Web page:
New Noakes Banting book: small size, big science shift

By Marika Sboros

It’s a simple enough question: why is Banting so popular yet still so controversial in South Africa and globally? The answer, scientist Prof Tim Noakes will tell you, is also simple. Because it works. Banting is the popular name for low-carb, high-fat diets in South Africa. Noakes explains why and how Banting weaves its healing magic in a new book: The Banting Pocket Guide (Penguin Random House).  He has co-authored it with Bernadine Douglas and Bridgette Allan.

It’s available in a Kindle edition. In print soon, it will be literally small  – just the right size to fit into your pocket or purse. Figuratively speaking, it’s big in nutrition scientific heart. It explains why Banting, as low-carbohydrate, high-fat (LCHF) lifestyles are called in South Africa, are such a powerful paradigm shift.

Note that  I say lifestyles, not diets. LCHF opponents – who were legion but are diminishing as the science grows – still call it a fad diet. This book is another nail in the coffin of powerful vested interests in medical and dietetic establishments and food and drug industries. All oppose LCHF because it threatens reputations, livelihoods, practices and profits. Here’s more on why this book is a small but significant scientific treasure trove.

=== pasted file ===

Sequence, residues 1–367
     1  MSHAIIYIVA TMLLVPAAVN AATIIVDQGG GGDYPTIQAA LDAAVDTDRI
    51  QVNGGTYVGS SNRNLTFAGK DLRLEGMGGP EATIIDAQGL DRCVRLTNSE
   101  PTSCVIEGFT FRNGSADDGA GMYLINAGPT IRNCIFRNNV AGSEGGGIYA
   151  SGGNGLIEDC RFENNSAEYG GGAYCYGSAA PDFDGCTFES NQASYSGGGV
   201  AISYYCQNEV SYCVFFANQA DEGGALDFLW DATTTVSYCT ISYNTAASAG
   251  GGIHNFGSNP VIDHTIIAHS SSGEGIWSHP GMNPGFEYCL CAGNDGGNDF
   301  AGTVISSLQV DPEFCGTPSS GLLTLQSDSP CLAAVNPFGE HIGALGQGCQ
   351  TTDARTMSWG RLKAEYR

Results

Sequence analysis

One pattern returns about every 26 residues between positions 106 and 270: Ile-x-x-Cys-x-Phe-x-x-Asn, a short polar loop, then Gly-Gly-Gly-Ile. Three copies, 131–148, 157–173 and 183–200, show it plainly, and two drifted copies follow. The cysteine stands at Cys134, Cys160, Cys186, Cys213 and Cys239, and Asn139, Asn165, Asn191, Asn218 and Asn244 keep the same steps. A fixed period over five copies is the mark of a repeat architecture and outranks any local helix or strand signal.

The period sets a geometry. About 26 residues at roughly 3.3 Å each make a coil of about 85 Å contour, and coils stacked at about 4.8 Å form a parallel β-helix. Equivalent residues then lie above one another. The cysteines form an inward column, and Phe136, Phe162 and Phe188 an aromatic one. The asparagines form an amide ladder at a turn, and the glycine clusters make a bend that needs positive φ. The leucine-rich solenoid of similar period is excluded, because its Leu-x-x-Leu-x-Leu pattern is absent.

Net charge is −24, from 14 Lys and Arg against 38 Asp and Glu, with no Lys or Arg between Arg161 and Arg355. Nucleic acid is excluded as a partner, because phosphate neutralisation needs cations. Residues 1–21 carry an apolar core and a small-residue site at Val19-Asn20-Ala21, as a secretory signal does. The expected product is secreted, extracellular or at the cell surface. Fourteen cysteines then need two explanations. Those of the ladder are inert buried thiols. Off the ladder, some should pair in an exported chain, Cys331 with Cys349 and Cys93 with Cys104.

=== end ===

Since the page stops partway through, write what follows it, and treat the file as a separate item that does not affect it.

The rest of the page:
Fad diets, by definition, are short-lived – in the greater scheme of things. If Banting were a fad, says Noakes, it would not be still around more than 100 years after the first successful documented case. That was when obese, sickly British society undertaker William Banting published an account of his remarkable weight loss on an LCHF eating plan in 1863. Banting cut the carbs and ate more fat on his doctor’s orders.

Prof Tim Noakes

Noakes and his co-authors will also tell you that LCHF is how humans ate safely for millions of years. They should know. They are all specialists in food as the best form of medicine rather than the slowest form of poison.

Noakes’s locus standing in LCHF is well-known – unless you’re inhabiting a parallel universe. He is a pioneer of the LCHF “movement” in SA. He memorably made a spectacular about-turn in his thinking on optimum nutrition, way back in 2010. Noakes did so after looking at all the available evidence, not just the bits that supported his opinions at the time.

Douglas has diplomas in personal nutrition and nutritional therapy, a certificate in child nutrition and completed a certificate in sports nutrition in 2016. She is also the founder of the Slender Slim 4 U Banting Clinics group.

Allan is a registered nurse and midwife. She is qualified in several alternative healing modalities and has diplomas in personal nutrition and nutritional therapy. She runs an integrative wellness practice. Allan uses a holistic approach, including LCHF, to help her clients correct lifestyle diseases.

A  major aim of this book is to make the Banting lifestyle affordable and accessible to all South Africans. One of the most uninformed – and enduring – myths about Banting is that it’s only for the rich.  Through The Noakes Foundation‘s hugely successful Eat Better South Africa campaign, Noakes dispels that myth.